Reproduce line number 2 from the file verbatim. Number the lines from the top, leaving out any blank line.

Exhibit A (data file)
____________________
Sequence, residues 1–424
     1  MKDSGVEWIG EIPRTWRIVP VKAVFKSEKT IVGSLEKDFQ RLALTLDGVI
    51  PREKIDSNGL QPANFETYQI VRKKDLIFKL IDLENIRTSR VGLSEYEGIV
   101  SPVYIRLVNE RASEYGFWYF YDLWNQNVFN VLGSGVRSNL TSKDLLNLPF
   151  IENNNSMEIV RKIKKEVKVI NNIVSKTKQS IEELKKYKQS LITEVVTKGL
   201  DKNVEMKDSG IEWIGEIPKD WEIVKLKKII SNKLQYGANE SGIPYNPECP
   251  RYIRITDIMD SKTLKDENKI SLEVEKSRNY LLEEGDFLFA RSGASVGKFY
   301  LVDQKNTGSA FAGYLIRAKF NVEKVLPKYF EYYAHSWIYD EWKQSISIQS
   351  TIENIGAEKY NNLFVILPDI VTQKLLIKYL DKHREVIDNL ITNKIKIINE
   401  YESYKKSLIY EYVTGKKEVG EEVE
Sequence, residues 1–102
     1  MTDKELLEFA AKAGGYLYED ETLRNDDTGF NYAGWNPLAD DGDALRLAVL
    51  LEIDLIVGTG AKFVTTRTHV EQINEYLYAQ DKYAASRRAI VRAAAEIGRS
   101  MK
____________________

     1  MKDSGVEWIG EIPRTWRIVP VKAVFKSEKT IVGSLEKDFQ RLALTLDGVI